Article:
Dummy tanks saw their widest use in World War II and were a critical element of deception tactics for both sides.
A secret unit of the U.S. Army composed of artists, illustrators, radio operators and sound experts known as the “Ghost Army” used inflatable decoy tanks, huge loudspeakers and phony radio transmissions to project the appearance of a massive force throughout the war, diverting German attention away from the landings at Normandy and the Ninth Army’s crossing of the Rhine, among other operations.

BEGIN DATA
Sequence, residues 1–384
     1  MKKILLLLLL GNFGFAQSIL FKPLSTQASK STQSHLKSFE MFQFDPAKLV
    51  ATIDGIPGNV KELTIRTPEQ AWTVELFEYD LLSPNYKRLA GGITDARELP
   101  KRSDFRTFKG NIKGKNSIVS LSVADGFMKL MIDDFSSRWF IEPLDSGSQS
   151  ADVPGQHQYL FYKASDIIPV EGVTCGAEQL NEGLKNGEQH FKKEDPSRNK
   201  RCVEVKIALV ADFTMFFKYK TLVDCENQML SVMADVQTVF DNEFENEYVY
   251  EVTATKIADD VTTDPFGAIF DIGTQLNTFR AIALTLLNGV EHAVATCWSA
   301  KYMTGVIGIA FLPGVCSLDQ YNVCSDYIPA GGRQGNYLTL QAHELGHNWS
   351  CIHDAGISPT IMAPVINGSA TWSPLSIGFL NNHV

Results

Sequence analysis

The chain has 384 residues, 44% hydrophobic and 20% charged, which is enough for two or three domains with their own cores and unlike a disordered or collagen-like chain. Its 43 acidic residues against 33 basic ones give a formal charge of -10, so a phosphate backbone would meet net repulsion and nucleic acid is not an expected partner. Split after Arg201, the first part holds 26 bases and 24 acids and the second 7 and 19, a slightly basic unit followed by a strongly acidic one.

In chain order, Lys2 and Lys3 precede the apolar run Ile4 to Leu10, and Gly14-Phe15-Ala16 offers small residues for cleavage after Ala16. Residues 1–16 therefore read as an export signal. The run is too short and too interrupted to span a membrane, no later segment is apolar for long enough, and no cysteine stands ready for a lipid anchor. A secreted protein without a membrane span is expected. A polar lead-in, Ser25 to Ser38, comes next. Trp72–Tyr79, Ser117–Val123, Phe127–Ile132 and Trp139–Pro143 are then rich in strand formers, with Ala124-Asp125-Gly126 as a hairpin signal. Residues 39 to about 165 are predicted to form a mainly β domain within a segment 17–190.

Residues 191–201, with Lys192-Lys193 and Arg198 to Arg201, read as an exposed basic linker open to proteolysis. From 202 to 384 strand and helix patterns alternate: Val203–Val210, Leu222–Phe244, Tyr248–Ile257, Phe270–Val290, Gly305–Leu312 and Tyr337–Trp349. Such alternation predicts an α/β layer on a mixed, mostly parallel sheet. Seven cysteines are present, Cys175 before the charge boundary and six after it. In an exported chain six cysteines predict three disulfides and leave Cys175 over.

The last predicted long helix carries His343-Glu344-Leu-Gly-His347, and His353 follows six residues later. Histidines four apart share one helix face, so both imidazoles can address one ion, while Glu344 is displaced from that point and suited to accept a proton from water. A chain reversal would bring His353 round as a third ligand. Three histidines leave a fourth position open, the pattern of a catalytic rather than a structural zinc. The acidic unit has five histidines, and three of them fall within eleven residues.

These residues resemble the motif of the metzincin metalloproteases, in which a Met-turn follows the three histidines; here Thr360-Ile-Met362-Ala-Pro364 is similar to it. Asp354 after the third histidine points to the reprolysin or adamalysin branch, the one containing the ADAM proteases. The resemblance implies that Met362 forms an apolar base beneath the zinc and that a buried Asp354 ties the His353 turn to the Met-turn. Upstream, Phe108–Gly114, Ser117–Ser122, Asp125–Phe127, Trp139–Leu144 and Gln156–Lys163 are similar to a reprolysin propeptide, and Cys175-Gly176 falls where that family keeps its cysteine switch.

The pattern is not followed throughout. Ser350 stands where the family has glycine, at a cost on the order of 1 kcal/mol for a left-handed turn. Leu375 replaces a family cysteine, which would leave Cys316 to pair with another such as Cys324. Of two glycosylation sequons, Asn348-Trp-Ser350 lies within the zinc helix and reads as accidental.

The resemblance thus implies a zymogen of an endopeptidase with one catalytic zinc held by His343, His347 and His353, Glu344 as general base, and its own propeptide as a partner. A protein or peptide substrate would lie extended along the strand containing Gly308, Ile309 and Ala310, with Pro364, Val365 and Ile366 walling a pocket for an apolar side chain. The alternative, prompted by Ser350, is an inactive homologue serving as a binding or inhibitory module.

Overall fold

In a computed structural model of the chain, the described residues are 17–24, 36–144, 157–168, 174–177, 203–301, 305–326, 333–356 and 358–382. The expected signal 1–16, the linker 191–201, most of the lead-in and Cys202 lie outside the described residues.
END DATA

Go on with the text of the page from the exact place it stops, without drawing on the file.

In the Pacific Theater, the Japanese made use of dummy tanks, crafting them out of wood and available materials, even sculpting one out of Iwo Jima’s volcanic sands.
Dummy tanks are still used today. The U.S. Army has developed an inflatable tank that mimics the heat signature of a real one and can be deployed from a package the size of a duffel bag, while ISIS fighters regularly use dummy vehicles to draw fire from enemies relying on aerial reconnaissance.